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Royal Institute of Philosophy

Kant's Psychological Hedonism


Author(s): A. Phillips Griffiths
Source: Philosophy, Vol. 66, No. 256 (Apr., 1991), pp. 207-216
Published by: Cambridge University Press on behalf of Royal Institute of Philosophy
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Kant's
Psychological
Hedonism
A. PHILLIPS GRIFFITHS
As far as consideration of man as
phenomenon,
as
appearance,
as an
empirical
self,
is
concerned,
Kant
appears
to be a
thoroughgoing
psychological
hedonist.1
It is
necessary immediately
to
qualify
this in
one,
though only
one,
respect.
For
Locke,
for
example,
the will
(willkiir)-what
Hobbes
called endeavour-towards or endeavour-fromwards-could be deter-
mined
only by pleasure
or
pain,
a mechanical relation of cause and
effect. For
Kant,
the human will could never be so
determined,
but
only
influenced. This he makes
trenchantly
clear in the lectures on
ethics,
given
just
before
publication
of the First
Critique,
and its
possibility
and
necessity argued
in the resolution of the third
Antinomy
of the First
Critique,
in the Second
Critique,
in the
Groundwork,
and
elsewhere. It
requires conceiving
a
person
as
having
a noumenal as well
as
phenomenal aspect.
This is
something
a man cannot lose.
Hence,
if
someone allows himself to be
wholly
influenced
by
what is
pleasant
or
painful,
he becomes more like a
beast,
but nevertheless
radically
unlike
a
beast,
since a beast's actions are
pathologically compelled,
as a will
arbitnrum
brutum,
whereas a man's actions are
only pathologically
influenced,
even if
wholly
so,
as a will arbitrium liberum. For the
beast,
the relation between stimulus and action is
mechanical,
as cause and
effect. Kant
says
when a
dog
is
hungry
and sees
food,
he must eat
whereas a man can restrain himself. But this need not be
so;
a
dog
can
be trained not to eat until
given
the
command,
even when he is
hungry
and in the
presence
of food. Now how is this different from another
example
Kant
gives,
of a man who claims
that,
when moved
by
lust,
he
must enter a
brothel;
of whom Kant
points
out that he would
not,
if
there were a
gallows
outside on which he knew he would be
hanged
on
coming
out? We can
say
that the
dog
does not restrain
himself,
but is
restrained
by
fear of his
master;
equally,
the man does not restrain
himself,
but is restrained
by
his fear of the
gallows.
The man
might
also
I do not know what were the
important
antecedents of this view for
Kant,
whether
Hobbes, Locke,
Hume or
Helvetius;
in
my
view Hobbes is
quite mistakenly regarded
as a
psychological hedonist,
and Hume is
hardly
straightforwardly
one;
the more
plausible
antecedents would be
Locke,
and,
perhaps
even more
so,
Helvetius
(L'Esp'rt
was
published
in 1758 and
was of course well known in
Germany,
which Helvetius visited in
1765).
Philosophy
66 1991 207
A.
Phillips
Griffiths
be restrained
by
his consciousness that
going
into the brothel would be
contrary
to the moral
law;
but it is
clearly
Kant's view that in both cases
the man would be
actively restraining himself,
and not
merely being
passively
restrained.
The difference for Kant is that the man deterred
by
the
gallows
is
not,
like the
dog, wholly compelled by
a
conjunction
of
hunger
and
fear,
but that he allows himself to be
wholly
influenced
by
the
conjunction
of
hunger
and fear. But that is to assert of the man
only
a
negative
freedom. There is so far no
ground
for
attributing
it to the
man,
no
more than there would be for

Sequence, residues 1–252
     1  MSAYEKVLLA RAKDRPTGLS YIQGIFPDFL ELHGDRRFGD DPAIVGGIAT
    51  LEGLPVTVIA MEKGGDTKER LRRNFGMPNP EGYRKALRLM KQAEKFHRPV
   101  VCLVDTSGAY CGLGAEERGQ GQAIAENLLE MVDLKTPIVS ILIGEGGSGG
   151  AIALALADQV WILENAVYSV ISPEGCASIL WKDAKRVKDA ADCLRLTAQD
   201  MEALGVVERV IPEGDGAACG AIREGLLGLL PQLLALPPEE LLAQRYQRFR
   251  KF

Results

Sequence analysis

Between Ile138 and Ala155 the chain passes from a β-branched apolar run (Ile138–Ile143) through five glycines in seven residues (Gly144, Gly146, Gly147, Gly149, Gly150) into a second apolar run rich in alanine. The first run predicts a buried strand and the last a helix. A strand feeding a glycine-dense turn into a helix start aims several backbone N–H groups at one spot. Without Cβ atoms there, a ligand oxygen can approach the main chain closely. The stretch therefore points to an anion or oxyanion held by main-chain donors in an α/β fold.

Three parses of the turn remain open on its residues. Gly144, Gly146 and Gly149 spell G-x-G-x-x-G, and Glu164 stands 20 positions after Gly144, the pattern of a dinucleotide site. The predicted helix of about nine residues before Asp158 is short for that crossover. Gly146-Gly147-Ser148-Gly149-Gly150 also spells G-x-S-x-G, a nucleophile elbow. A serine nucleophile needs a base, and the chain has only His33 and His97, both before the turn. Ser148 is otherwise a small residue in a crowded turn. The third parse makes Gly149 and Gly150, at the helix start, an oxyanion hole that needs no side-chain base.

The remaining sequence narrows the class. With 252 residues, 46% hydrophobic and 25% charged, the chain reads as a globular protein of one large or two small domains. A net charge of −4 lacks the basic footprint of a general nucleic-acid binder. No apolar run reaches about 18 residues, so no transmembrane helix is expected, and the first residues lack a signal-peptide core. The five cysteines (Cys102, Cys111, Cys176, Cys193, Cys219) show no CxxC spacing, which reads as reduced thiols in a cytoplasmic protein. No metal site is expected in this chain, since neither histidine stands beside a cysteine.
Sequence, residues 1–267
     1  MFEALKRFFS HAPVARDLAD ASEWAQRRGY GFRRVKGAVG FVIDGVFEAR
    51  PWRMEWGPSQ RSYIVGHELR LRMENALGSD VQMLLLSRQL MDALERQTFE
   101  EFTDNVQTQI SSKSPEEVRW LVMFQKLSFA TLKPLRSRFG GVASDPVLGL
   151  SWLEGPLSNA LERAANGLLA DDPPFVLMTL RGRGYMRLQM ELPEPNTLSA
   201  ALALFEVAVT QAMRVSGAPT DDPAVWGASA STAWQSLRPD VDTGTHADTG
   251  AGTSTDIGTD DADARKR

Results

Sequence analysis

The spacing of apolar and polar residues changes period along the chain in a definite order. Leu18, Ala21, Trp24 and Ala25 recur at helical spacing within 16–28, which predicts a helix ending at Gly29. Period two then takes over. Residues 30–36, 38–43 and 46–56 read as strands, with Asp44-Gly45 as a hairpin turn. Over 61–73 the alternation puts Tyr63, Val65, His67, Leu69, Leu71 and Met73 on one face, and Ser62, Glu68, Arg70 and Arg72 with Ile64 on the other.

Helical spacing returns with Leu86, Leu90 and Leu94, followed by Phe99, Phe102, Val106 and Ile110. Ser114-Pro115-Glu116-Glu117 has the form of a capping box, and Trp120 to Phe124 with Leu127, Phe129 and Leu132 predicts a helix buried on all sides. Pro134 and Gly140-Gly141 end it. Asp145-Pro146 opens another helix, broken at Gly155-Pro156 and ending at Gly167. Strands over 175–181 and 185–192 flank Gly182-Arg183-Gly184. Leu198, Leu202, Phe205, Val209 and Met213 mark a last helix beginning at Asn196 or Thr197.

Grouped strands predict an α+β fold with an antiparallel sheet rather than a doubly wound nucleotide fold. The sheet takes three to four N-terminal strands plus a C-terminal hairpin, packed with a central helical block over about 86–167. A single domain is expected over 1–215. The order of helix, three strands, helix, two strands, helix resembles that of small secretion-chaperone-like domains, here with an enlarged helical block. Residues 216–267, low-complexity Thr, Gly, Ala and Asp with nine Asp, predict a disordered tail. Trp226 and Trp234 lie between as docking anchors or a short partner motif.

saying
that
dogs
could restrain all their
sensuous
inclinations,
but as a matter of fact on
every
occasion decide
not to do so.
Equally,
for
Kant,
it is no
good saying
that we observe that
men act
against
all their sensuous
inclinations,
because,
he
points out,
we can never know that there is not some hidden inclination not taken
account of. To make this distinction between the man and the
dog (or
the
wholly mythical dog-we
are not here concerned with animal
psychology)
we must
point
to some
positive ground
for it. It is that the
man,
unlike the
dog,
can be moved
by
reason.
Without this
capacity
to be moved
by
reason,
there would be no
possible
ground
for
making
this distinction. The man outside the
brothel has the
capacity
to be moved
by
reason,
whether he is or not.
Indeed,
we
may
even
say
that even if it is
only
the
thought
of the
gallows
which deters
him,
he is moved
by
reason,
though only
in
part;
for he
sees that
going
into the brothel
is,
because of the
gallows, incompatible
with his
enjoying
life,
and hence that not
going
into the brothel is a
necessary
and
indispensable
means to that
end;
hence he
accepts
the
rational
imperative,
'I
ought
not to enter the brothel'. But while this is a
rational
principle, dependent
on the
analytic principle
that he who wills
the end must will the
means,
it is
only partly
rational,
because it
depends
in
part
on
something
not
given by
reason,
the
end,
which is
given by
his sensuous inclination towards
enjoyment.2
2
Kant obscures this somewhat
by saying
that such a
man,
being only
partly
determined
by
reason,
is
only partly
free;
but his main doctrine is that
such a
man,
since he is
capable
of
acting wholly
in accordance with rational
principle,
is
wholly
free;
not so much half a
dog
as no
dog
at all. It is the
former
way
of
talking
into which Kant
frequently slips
which leads to the
misinterpretation
that a man is
only
free when
acting
from
duty,
and hence
wholly
determined,
and hence
wholly
unfree,
and hence not
subject
to
moral
blame,
when he acts
wrongly.
Kant's remark
(in
the Lectures on
Ethics)
that the freer a man is from
stimuli,
the more he can be
compelled
morally,
and the
degree
of his freedom
grows
with the
degree
of his
morality, similarly
leads to the
misunderstanding
that a man is
wholly
free
and
wholly
moral
only
when he is
totally
indifferent to
everything except
the moral
law; if, indeed,
it is
entirely
a
misunderstanding
rather than a
208
Kant's